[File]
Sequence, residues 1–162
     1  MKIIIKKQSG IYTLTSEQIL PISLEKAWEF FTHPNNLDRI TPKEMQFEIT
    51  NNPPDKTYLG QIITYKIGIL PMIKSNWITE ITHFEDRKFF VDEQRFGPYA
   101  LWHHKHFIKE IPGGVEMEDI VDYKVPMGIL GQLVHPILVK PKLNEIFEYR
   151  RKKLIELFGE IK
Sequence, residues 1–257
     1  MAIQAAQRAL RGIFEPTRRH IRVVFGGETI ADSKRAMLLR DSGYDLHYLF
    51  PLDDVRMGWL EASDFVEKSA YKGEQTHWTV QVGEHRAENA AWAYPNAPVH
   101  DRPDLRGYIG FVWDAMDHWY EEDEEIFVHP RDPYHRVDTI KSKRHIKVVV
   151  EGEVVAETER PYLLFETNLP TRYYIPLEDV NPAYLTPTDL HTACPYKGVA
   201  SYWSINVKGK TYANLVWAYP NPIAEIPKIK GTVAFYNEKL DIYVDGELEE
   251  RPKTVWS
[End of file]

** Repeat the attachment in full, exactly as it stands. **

Sequence, residues 1–162
     1  MKIIIKKQSG IYTLTSEQIL PISLEKAWEF FTHPNNLDRI TPKEMQFEIT
    51  NNPPDKTYLG QIITYKIGIL PMIKSNWITE ITHFEDRKFF VDEQRFGPYA
   101  LWHHKHFIKE IPGGVEMEDI VDYKVPMGIL GQLVHPILVK PKLNEIFEYR
   151  RKKLIELFGE IK
Sequence, residues 1–257
     1  MAIQAAQRAL RGIFEPTRRH IRVVFGGETI ADSKRAMLLR DSGYDLHYLF
    51  PLDDVRMGWL EASDFVEKSA YKGEQTHWTV QVGEHRAENA AWAYPNAPVH
   101  DRPDLRGYIG FVWDAMDHWY EEDEEIFVHP RDPYHRVDTI KSKRHIKVVV
   151  EGEVVAETER PYLLFETNLP TRYYIPLEDV NPAYLTPTDL HTACPYKGVA
   201  SYWSINVKGK TYANLVWAYP NPIAEIPKIK GTVAFYNEKL DIYVDGELEE
   251  RPKTVWS